The online template is now available, if you have difficulty in accessing this, contact your organisation’s Grant Agreement Manager.
So how could you demonstrate a wellness and re-ablement approach?
Short-Term or Episodic Support
Let’s look at one of the easiest ways – offering short-term care and support to individuals who want, or need, time-limited support.
Access to aged care supports should not be limited to only those who require on-going care. One aim of CHSP is that older people’s functional status is maintained or improved. It’s an important element of the program that staff need to understand and embrace. For years we have been reminding staff not to disempower clients, not to make them dependent on the help provided, but rather, support clients to do as much as they can, as well as assisting them to regain lost skills.
For example, some elderly succumb to the influenza virus, or end up with pneumonia during the cold winter months, leaving them weakened and unable to complete all their activities of daily living. At this point they may be referred for services through the Commonwealth Home Support Programme. Rather than seeing this as a ‘service for life’ scenario, why not view it as a time to put in some intensive supports for a short period of time, with the aim of assisting the individual to regain their health, strength and purpose.
Sure, they may require supports again the following year around the same time if they are prone to chest infections, or they may decide that mowing the lawn is better left to the younger and fitter due to safety reasons, but if they are able to cook they don’t need to stay on the delivered meals program.
Likewise, if the client can do their own washing, vacuum their floors or drive themselves to the shops, they don’t require on-going aged care support and should be encouraged to remain independent.
Another aspect of the Commonwealth Home Support Programme is that providers must develop and maintain links with other agencies and services in a way that meets the aims of the program.
If you are networking and linking, not only with other aged care or health service providers, but also the wider community, you’ll be in a better position to support your clients to make connections with relevant support organisations. Build an awareness and knowledge of what church organisations, social clubs or activity groups are in your local area – what programs or activities do they offer? Could they help support those you care for?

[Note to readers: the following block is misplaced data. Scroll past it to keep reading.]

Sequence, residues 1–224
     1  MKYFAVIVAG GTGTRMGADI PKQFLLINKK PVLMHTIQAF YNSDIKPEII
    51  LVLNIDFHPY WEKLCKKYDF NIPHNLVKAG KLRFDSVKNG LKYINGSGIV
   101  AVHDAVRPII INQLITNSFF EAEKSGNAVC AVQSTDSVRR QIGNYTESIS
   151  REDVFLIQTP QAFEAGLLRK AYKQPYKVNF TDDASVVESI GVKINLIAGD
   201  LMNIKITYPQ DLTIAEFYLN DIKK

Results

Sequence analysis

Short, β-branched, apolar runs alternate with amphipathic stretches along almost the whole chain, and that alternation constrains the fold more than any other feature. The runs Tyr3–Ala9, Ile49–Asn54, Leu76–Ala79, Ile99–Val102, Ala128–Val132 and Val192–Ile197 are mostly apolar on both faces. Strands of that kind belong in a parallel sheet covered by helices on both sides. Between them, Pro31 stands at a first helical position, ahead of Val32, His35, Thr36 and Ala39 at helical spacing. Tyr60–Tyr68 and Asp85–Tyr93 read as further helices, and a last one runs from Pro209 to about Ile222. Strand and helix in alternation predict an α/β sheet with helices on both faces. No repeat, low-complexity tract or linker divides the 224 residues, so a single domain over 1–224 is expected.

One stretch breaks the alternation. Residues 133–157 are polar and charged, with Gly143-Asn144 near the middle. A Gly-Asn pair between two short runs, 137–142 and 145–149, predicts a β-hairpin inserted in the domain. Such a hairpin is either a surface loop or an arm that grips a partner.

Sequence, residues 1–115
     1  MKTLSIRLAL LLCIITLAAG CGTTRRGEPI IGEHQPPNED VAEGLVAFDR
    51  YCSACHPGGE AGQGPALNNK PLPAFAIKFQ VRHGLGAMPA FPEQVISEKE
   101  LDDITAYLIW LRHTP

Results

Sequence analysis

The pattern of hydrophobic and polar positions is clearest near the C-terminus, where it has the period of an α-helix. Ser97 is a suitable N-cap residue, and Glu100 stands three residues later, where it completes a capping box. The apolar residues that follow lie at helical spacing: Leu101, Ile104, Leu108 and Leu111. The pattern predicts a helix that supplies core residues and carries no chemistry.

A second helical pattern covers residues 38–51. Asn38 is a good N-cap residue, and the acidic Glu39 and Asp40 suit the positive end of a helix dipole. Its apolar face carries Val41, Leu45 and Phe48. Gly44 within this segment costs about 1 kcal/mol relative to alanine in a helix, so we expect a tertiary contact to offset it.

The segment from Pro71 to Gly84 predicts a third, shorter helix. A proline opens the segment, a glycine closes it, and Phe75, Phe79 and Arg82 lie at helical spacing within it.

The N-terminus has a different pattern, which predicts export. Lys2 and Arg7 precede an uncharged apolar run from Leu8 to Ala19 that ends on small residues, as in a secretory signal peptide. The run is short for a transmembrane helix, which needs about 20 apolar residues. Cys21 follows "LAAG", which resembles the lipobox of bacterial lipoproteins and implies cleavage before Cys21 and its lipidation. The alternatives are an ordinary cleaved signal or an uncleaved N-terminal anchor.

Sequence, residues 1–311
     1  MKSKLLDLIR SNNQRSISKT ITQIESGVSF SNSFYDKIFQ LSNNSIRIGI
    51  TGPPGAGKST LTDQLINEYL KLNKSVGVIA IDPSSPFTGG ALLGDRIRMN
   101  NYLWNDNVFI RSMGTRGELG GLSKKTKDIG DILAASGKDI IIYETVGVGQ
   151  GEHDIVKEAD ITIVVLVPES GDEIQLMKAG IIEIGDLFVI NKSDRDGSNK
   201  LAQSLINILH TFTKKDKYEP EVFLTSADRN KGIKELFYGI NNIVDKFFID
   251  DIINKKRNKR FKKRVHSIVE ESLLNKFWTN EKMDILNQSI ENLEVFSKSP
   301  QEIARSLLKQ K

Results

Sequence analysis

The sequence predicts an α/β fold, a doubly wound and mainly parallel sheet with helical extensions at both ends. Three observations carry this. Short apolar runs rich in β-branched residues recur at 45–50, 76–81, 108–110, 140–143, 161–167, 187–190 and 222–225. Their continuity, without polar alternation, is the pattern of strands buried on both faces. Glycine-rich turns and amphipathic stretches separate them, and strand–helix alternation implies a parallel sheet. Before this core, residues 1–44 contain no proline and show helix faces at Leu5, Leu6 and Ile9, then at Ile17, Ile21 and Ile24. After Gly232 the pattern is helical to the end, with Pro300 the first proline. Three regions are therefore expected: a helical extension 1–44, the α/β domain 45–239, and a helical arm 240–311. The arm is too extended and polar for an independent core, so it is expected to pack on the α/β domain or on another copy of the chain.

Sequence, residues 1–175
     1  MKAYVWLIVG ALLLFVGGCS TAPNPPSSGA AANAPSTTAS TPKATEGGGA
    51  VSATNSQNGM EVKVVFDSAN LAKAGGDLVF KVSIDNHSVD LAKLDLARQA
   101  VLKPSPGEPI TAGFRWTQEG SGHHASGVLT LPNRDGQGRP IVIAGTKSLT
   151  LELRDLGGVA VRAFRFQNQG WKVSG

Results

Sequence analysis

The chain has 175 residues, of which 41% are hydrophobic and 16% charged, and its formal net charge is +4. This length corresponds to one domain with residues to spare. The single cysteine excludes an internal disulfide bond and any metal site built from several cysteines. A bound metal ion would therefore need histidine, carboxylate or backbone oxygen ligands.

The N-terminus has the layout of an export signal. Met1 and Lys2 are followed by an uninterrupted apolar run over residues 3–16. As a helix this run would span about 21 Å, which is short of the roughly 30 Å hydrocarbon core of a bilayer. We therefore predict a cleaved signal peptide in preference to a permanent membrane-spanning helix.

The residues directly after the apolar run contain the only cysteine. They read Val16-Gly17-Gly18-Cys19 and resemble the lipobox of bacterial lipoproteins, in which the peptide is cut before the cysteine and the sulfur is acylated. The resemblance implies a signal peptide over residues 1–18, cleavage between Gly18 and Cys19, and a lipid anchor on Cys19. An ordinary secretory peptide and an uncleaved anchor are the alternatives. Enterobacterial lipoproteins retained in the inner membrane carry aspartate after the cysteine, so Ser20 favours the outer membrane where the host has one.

In remote communities this might be the local art centre, or the Rangers Program from a nearby National Park. Building relationships with these organisations and developing links for your clients helps you demonstrate how you meet the psychological, emotional and physical well-being of consumers.
Just imagine if you have identified that one of your clients, we’ll call her Bessie, has become increasingly house-bound and less engaged with the community.
Bessie is living with her granddaughter who works at the local school, leaving Bessie alone at home all day. However, during her recent re-assessment it was identified that Bessie used to paint. The aged care coordinator contacts the local art centre and asks the manager there if Bessie can attend the centre and do some painting. The manager is agreeable and, as Bessie is already approved for transport services, her care plan is amended to include transport twice a week to the art centre. Bessie’s granddaughter picks up Bessie after she finishes at the school.
As can be seen in the above scenario, the aged care coordinator merely had to identify an activity that the client wished to participate in and link them into an existing community-run service. They didn’t need to create a whole new service type, just access what is already available. In other regions, this might be connecting a client to a book club, a tai chi course or a cultural centre.
Supporting Restorative Care Routines
What about the support your staff provide to consumers who are participating in an allied health prescribed activity to regain an aspect of their functional status. Perhaps the person has had a stroke and they are learning to walk again, with the support worker accompanying them for both safety and encouragement.
Maybe it is someone who has had a fall and broken their wrist. The support worker helps them to run through their hand strengthening exercises and encourages the person to do activities of daily living approved by the allied health professional.
Embedding wellness approaches into your support practices doesn’t need to be rocket science; you’re probably doing a lot of this already. Reflect on what you are doing across your organisation and start documenting it; when it comes to the 30th October and your report is due, this will make the job much easier!